Oct. 21 (Bloomberg) -- The Australian and New Zealand dollars had the biggest weekly losses against the yen in a month on concern European leaders will struggle to resolve the region’s sovereign debt crisis.
New Zealand’s currency, nicknamed the kiwi, also declined against the U.S. dollar this week as raw material prices fell. Australia’s dollar was little changed for the week against the greenback after a report showing the country’s export prices increased in the third quarter pushed the currency up today.
“It is all about Europe; nothing else matters,” said Kurt Magnus, executive director of currency sales in Sydney at Nomura Holdings Inc., Japan’s biggest brokerage.
The Australian dollar slid 1.4 percent this week to 78.71 yen after gaining 0.2 percent today as of 11:37 a.m. New York time. It was the biggest five-day loss since Sept. 23. The Aussie was little changed for the week at $1.0339 after rising 1 percent today.
New Zealand’s currency fell 1.8 percent this week, also the most since the five days ended Sept. 23, to 61.08 yen. It gained 0.2 percent today. The kiwi gained 1.2 percent today to 80.23 U.S. cents, paring its weekly loss to 0.4 percent.
The Standard & Poor’s GSCI Index of 24 commodities fell 0.3 percent this week.
European leaders began a six-day battle today over how to save Greece from default, shield banks from the fallout, and build more powerful defenses against the debt crisis rocking the 17-nation euro economy.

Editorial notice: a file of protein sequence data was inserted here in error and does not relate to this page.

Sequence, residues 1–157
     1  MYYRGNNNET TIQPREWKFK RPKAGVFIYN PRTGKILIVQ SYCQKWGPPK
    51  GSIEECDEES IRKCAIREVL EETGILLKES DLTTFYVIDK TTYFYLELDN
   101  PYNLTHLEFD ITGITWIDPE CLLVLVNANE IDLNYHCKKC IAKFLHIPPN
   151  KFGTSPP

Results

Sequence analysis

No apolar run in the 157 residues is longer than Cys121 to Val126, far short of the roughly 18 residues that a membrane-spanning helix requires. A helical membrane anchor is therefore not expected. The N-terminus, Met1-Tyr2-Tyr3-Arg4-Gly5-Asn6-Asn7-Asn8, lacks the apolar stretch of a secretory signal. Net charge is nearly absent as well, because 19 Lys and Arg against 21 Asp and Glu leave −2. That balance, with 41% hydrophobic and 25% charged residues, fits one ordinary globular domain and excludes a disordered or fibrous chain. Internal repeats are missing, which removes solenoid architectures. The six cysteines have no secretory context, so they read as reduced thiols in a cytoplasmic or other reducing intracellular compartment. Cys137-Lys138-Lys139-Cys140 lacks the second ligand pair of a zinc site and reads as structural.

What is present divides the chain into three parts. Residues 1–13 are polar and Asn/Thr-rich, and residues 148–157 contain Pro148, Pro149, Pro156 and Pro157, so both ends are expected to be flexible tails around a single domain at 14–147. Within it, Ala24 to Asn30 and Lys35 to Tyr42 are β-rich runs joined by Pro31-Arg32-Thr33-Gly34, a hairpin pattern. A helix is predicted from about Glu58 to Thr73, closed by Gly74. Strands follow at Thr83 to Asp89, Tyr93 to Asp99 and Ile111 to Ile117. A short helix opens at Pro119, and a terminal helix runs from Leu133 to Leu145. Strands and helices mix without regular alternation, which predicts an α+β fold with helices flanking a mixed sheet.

Rescue Fund Firepower
A falling-out between Germany and France has snagged the effort. French President Nicolas Sarkozy is pushing for a European Central Bank role in boosting the firepower of the 440 billion-euro ($611 billion) rescue fund, a move Germany opposes.
The New Zealand dollar was the biggest loser this week among 10 developed-nation currencies tracked by Bloomberg Correlation-Weighted Indexes, dropping 0.8 percent. Australia’s dollar was the second-worst performer, weakening 0.3 percent.
The value of Australian exports rose in the three months through September, a government report showed. The export price index advanced 4 percent from the second quarter, the Bureau of Statistics said. Import prices were unchanged. Economists in a Bloomberg News survey forecast a 3.6 percent gain in exports and a 0.5 percent rise in imports.
The Thomson Reuters/Jefferies CRB Index of raw materials tumbled 1.5 percent this week in its first five-day loss this month.
--With assistance from Allison Bennett in New York. Editors: Greg Storey, Paul Cox
To contact the reporter on this story: Mariko Ishikawa in Tokyo at firstname.lastname@example.org
To contact the editor responsible for this story: Dave Liedtka at email@example.com